Nestled in the mountains of Yamagata Prefecture lies the picturesque onsen town of Ginzan Onsen. Known for its historic wooden ryokan and nostalgic atmosphere, this charming destination transports visitors back in time with its taisho-era architecture and gas-lit streets.
An Overview of Ginzan Onsen
Ginzan Onsen is located in Obanazawa City in the northern Tohoku region of Japan. Surrounded by forested mountains, the hot spring village sits peacefully along the Ginzan River.
The town flourished during the 1920s and 30s as numerous traditional ryokan inns were constructed to accommodate an influx of visitors drawn to the area’s healing mineral waters. Today, Ginzan Onsen’s preserved early 20th-century architecture continues to provide an authentic glimpse into Japan’s past.
With only a handful of lanes traversing the compact town center, Ginzan Onsen can be easily explored on foot. Strolling its main street reveals elegant wooden ryokan structures with exposed beams and white plaster facades. Stylish touches like paper lanterns and gas lamps lighting the way evoke a nostalgic atmosphere.
Getting to Ginzan Onsen
Ginzan Onsen is accessible by rail, bus, and car.
The most convenient access point is JR Oishida Station, located 15 minutes from Ginzan Onsen by bus. Visitors can take the Yamagata Shinkansen bullet train directly from Tokyo Station to Oishida in just over 2 hours.
Alternatively, Yamagata Airport has shuttle buses that run to Ginzan Onsen in about 50 minutes. Rental cars are also available to make the 35-minute drive.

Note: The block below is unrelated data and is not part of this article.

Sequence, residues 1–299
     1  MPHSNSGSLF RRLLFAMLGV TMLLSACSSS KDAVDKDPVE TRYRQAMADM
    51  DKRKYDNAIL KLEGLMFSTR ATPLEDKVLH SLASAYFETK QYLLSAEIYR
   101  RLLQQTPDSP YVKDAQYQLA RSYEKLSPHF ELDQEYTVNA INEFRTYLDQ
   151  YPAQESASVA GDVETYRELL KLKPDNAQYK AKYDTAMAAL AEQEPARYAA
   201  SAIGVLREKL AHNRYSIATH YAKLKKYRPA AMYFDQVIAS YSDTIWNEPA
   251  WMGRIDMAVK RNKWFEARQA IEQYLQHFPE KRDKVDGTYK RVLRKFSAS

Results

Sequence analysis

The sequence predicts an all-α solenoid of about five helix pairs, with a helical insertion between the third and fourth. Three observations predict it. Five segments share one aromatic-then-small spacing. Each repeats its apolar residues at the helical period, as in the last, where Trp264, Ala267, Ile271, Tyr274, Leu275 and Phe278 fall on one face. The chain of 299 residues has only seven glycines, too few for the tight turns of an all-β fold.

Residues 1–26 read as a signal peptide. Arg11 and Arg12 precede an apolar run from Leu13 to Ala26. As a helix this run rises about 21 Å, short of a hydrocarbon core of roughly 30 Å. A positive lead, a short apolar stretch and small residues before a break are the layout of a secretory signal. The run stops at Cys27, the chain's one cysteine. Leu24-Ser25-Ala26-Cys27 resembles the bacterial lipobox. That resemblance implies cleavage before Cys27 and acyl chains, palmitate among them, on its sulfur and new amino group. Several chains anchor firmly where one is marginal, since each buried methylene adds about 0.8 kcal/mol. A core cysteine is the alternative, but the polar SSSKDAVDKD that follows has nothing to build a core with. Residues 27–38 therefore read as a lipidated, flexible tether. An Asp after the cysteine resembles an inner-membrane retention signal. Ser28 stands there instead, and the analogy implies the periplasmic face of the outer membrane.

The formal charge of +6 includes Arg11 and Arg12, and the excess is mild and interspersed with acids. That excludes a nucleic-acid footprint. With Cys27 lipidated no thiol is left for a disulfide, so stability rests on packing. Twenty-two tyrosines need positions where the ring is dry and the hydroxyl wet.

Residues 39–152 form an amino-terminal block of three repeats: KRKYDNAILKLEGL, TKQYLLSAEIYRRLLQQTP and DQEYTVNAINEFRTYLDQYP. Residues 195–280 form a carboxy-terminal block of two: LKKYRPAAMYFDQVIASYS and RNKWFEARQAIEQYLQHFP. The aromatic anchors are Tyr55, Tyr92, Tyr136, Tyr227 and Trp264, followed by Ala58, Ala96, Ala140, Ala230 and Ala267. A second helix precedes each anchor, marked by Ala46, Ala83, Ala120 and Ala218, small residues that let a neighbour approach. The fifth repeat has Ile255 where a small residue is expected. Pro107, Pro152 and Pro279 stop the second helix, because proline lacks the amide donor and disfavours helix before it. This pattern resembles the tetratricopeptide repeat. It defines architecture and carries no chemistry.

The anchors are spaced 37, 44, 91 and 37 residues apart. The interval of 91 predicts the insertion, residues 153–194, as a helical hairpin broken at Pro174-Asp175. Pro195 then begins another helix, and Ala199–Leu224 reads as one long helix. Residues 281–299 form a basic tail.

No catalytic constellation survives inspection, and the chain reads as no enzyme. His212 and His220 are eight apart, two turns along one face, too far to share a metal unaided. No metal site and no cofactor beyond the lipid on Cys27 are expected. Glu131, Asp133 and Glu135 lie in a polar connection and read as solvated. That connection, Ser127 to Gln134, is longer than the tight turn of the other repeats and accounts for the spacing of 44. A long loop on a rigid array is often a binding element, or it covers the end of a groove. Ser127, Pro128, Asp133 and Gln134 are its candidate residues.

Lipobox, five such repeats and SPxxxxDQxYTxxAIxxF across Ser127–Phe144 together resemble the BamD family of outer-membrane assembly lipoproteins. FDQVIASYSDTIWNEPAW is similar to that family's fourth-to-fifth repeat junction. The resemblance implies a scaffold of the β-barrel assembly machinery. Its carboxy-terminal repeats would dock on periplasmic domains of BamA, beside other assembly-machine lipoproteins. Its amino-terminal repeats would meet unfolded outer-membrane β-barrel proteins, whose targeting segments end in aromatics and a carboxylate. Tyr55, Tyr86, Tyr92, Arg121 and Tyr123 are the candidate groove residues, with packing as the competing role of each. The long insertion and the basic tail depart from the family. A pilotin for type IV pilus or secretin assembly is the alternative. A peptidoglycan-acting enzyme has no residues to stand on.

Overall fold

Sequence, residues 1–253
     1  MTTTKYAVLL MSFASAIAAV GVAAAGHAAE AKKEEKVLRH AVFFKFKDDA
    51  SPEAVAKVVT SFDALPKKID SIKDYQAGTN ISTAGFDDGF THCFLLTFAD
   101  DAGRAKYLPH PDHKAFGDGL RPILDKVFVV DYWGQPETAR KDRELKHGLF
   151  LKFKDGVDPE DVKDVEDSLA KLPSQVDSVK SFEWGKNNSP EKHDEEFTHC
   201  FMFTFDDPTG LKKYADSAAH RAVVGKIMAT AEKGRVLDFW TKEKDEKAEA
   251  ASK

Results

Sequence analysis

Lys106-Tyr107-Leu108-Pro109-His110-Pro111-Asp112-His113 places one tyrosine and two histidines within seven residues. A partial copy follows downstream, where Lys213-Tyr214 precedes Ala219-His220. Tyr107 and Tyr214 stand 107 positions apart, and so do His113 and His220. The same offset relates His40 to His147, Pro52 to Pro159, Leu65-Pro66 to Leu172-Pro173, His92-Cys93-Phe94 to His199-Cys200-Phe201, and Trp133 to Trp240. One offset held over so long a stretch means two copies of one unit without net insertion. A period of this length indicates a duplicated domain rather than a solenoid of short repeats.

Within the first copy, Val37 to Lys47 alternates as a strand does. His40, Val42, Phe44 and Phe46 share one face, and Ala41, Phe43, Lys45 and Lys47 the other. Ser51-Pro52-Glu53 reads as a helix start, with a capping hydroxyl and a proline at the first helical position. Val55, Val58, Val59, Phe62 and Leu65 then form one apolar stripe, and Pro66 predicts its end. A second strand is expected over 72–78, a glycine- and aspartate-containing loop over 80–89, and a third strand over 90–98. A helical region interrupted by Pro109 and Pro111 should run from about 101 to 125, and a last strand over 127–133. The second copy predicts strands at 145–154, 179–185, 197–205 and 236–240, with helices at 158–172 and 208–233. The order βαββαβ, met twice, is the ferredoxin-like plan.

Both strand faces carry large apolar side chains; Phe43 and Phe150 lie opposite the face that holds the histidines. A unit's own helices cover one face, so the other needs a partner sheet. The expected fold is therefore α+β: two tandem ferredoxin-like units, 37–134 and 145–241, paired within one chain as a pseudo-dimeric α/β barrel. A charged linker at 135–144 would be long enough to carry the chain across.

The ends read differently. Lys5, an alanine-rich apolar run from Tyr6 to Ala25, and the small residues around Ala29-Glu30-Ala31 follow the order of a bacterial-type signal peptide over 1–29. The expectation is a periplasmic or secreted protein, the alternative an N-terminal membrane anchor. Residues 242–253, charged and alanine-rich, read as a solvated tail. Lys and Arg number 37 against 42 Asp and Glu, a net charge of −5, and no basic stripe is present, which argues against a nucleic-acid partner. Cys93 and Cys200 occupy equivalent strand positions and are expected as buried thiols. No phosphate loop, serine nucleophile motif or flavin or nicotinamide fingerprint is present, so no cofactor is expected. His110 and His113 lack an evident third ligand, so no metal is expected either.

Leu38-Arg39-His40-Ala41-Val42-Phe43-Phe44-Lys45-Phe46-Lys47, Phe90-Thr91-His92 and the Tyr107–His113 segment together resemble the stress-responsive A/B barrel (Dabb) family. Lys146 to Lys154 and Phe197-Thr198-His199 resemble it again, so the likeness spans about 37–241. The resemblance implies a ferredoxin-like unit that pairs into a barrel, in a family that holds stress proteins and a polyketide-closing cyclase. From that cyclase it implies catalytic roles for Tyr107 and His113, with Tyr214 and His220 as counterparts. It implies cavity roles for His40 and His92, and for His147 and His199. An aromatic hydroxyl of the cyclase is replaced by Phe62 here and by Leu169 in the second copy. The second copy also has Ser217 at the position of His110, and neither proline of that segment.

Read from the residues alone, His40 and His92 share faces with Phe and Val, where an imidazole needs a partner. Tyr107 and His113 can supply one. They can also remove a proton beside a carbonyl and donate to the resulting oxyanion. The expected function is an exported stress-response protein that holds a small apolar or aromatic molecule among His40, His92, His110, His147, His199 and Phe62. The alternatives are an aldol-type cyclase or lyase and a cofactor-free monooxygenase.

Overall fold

Top Attractions in Ginzan Onsen
Soaking in the Hot Springs
As an onsen destination, Ginzan Onsen’s main highlight is its soothing mineral hot spring waters. Several indoor and outdoor bathing facilities are open to visitors.
The town’s two public bathhouses, Shiroganeyu and Oginoyu, offer traditional hot spring experiences. Many ryokan also welcome non-guests to use their baths for a fee.
Strolling Down Taisho Romantic Street
The main street through Ginzan Onsen, lined with historic inns, is affectionately nicknamed Taisho Romantic Street. The two-block pedestrian lane exemplifies the atmosphere of the Taisho period (1912-1926) when the town was established. Visitors can beautifully capture scenes of the street on camera.
Crossing the Retro Bridges
Spanning the pristine Ginzan River are three scenic bridges fitted with retro gas lamps. The red Chidori Bridge, Shinkyo Bridge, and willow-lined Oshirakawa Bridge each provide picture-perfect vistas.
Browsing the Local Shops
A stroll down the town’s lanes allows visitors to browse shops and eateries housed in traditional structures. Souvenirs, crafts, and local goods can be found in this charming setting.
Seeing the Ginzan Waterfall
Just a short walk from the town’s ryokan district is an impressive 22-meter waterfall cascading down through the forest. It’s especially stunning when illuminated at night.
Visiting the Silver Mine
Ginzan Onsen has its roots as a mining town for silver. Sections of the historic mine shafts that supported the village are open for exploration just outside of town.
Best Seasons to Visit
Each season offers its own charm in Ginzan Onsen:
- Winter provides scenes of the town dusted in snow with bathers enjoying outdoor hot springs surrounded by the scenery.
- Spring sees cherry blossoms and new greenery emerge around town.